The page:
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    ABSTRACT: Estrogen receptor alpha (ERα) is generally considered to be a good prognostic marker because almost 70% of ERα-positive tumors respond to anti-hormone therapies. Unfortunately, during cancer progression, mammary tumors can escape from estrogen control, resulting in resistance to treatment. In this study, we demonstrate that activation of the actin/megakaryoblastic leukemia 1 (MKL1) signaling pathway promotes the hormonal escape of estrogen-sensitive breast cancer cell lines. The actin/MKL1 signaling pathway is silenced in differentiated ERα-positive breast cancer MCF-7 and T47D cell lines and active in ERα-negative HMT-3522 T4-2 and MDA-MB-231 breast cancer cells, which have undergone epithelial-mesenchymal transition. We showed that MKL1 activation in MCF-7 cells, either by modulating actin dynamics or using MKL1 mutants, down-regulates ERα expression and abolishes E2-dependent cell growth. Interestingly, the constitutively active form of MKL1 represses PR and HER2 expression in these cells and increases the expression of HB-EGF, TGFβ, and amphiregulin growth factors in an E2-independent manner. The resulting expression profile (ER-, PR-, HER2-) typically corresponds to the triple-negative breast cancer expression profile.
    Molecular and Cellular Endocrinology 06/2014; 390(1). DOI:10.1016/j.mce.2014.03.009 · 4.41 Impact Factor
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    • "We recently identified in high-throughput screens, a compound, CCG-1423, that blocks MRTF nuclear localization by interfering with the regulation of intranuclear actin polymerization mediated by microtubule-associated mono-oxygenase, calponin and LIM domain–containing 2 (MICAL-2) (Evelyn et al., 2007; Lundquist et al., 2014). CCG-1423 is more effective than ROCK inhibitors in reducing SRF-mediated transcription (Evelyn et al., 2007). Several groups have used this compound to interdict myofibroblast formation (Sandbo et al., 2009; Zhou et al., 2013), and it was recently shown to have in vivo activity in a chlorhexidine gluconate model of peritoneal fibrosis (Sakai et al., 2013). "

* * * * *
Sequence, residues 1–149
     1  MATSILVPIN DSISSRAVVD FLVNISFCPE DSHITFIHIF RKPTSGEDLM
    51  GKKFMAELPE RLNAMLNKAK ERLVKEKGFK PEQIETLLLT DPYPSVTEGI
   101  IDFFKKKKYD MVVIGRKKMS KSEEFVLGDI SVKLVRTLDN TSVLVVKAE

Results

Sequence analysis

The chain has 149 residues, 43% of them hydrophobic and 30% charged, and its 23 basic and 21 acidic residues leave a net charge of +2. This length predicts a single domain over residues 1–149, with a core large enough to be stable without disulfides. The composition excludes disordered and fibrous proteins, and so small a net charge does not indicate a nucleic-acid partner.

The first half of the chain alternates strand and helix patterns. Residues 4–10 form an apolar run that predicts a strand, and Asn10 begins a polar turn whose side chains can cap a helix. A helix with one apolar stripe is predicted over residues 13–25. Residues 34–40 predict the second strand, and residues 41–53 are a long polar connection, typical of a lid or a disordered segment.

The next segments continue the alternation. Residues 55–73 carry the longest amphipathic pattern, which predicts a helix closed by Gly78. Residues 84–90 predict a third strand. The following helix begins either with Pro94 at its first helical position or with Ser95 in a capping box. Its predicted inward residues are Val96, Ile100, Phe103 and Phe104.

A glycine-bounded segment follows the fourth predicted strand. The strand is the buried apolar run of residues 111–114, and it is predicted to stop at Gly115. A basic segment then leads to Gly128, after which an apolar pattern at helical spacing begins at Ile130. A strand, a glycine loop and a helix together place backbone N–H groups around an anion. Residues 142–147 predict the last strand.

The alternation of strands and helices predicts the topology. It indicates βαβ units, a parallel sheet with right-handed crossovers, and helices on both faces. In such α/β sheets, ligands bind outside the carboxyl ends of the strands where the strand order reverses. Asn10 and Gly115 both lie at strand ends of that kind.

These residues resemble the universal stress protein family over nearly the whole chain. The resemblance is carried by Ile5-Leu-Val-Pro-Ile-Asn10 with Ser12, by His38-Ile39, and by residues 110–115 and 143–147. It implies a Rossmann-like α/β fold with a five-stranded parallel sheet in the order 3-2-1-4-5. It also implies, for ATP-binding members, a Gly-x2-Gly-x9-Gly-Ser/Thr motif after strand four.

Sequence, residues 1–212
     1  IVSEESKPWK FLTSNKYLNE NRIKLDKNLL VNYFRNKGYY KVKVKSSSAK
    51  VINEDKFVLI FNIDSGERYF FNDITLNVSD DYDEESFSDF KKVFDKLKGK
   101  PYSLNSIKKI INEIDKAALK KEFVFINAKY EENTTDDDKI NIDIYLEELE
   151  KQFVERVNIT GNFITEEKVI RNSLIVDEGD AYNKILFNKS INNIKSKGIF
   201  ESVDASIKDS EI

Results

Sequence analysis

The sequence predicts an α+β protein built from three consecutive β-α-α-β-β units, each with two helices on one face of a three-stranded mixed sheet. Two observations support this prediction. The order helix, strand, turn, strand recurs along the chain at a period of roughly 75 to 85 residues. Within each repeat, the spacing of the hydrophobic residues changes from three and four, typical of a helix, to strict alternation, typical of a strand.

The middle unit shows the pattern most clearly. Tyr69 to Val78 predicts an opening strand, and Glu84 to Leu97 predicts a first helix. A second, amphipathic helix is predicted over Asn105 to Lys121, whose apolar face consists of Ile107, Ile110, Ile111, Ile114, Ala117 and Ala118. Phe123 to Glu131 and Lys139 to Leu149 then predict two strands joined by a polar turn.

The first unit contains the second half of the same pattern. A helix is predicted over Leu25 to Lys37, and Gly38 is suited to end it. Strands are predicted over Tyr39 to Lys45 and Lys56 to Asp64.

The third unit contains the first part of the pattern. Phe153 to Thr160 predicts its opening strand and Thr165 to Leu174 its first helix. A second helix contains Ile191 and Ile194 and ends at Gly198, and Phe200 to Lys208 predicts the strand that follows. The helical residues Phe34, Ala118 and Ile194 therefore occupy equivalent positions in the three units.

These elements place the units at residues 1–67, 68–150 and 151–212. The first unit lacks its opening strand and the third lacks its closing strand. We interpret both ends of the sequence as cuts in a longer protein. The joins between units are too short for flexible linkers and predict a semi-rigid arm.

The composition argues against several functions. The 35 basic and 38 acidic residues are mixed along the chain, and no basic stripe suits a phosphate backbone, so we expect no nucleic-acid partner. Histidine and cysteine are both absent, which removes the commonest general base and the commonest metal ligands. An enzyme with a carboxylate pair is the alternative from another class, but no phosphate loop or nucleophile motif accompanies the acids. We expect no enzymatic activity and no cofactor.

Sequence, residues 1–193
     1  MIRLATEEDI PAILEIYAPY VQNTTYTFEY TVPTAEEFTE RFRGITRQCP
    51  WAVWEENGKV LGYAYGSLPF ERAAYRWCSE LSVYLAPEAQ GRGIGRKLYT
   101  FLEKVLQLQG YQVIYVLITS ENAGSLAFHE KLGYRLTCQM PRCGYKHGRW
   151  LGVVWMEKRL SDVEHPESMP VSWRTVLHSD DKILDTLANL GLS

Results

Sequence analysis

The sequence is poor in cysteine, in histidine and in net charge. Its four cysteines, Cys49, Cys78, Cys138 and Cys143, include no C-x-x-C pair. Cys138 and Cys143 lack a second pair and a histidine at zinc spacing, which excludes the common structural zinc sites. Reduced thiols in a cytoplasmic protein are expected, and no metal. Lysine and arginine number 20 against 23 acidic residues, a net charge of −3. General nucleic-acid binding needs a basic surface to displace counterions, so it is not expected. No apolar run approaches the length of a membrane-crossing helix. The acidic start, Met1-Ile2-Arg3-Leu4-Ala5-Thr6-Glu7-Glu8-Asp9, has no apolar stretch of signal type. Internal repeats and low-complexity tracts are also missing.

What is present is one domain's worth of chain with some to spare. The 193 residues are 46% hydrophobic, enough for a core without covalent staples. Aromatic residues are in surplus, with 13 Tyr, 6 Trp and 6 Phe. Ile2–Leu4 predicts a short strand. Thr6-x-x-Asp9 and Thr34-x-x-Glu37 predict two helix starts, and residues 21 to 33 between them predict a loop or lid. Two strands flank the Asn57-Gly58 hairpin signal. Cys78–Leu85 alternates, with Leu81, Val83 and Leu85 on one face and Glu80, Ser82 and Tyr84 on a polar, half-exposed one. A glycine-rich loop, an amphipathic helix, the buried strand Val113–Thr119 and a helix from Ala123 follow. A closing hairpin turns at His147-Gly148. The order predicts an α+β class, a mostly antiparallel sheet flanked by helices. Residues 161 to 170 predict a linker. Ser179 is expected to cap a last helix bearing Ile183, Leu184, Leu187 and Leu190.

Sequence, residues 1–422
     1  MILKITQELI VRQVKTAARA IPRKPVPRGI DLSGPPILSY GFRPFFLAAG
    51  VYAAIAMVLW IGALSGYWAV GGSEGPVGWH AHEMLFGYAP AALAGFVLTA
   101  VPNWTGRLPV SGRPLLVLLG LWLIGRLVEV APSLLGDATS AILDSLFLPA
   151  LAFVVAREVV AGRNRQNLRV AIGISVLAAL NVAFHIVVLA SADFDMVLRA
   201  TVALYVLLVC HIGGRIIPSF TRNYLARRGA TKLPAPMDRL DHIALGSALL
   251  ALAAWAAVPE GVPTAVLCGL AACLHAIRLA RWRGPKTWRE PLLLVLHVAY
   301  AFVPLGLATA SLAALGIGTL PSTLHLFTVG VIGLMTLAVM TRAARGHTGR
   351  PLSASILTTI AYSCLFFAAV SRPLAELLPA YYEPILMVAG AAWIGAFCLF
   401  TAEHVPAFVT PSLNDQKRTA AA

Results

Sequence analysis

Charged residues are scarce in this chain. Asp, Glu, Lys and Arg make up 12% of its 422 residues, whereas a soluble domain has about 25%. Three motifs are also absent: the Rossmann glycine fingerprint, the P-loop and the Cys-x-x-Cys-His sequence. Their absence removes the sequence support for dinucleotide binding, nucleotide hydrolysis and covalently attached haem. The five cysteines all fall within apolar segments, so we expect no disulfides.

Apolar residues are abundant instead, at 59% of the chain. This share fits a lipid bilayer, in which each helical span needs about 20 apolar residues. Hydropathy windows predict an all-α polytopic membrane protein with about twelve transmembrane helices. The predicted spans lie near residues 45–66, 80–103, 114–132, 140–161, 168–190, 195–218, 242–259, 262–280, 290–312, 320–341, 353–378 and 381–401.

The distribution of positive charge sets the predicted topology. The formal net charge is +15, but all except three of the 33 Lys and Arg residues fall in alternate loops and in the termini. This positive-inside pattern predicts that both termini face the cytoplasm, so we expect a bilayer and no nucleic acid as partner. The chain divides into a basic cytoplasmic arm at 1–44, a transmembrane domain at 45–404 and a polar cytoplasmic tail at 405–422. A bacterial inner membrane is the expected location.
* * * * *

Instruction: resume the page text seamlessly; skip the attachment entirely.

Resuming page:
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    ABSTRACT: Systemic sclerosis (SSc) or scleroderma, like many fibrotic disorders, lacks effective therapies. Current trials focus on anti-inflammatory drugs or targeted approaches aimed at one of the many receptor mechanisms initiating fibrosis. In light of evidence that a myocardin-related transcription factor (MRTF) and serum response factor (SRF)-regulated gene transcriptional program induced by Rho GTPases is essential for myofibroblast activation, we explore the hypothesis that inhibitors of this pathway may represent novel antifibrotics. MRTF-SRF-regulated genes show spontaneously increased expression in primary dermal fibroblasts from patients with diffuse cutaneous SSc. A novel small-molecule inhibitor of MRTF/SRF-regulated transcription (CCG-203971) inhibits expression of connective tissue growth factor (CTGF), alpha-smooth muscle actin (α-SMA), and collagen 1 (COL1A2) in both SSc fibroblasts and in LPA- and transforming growth factor β (TGFβ)-stimulated fibroblasts. In vivo treatment with CCG-203971 also prevented bleomycin-induced skin thickening and collagen deposition. Thus targeting the MRTF/SRF gene transcription pathway could provide an efficacious new approach to therapy for SSc and other fibrotic disorders.
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Chris R Evelyn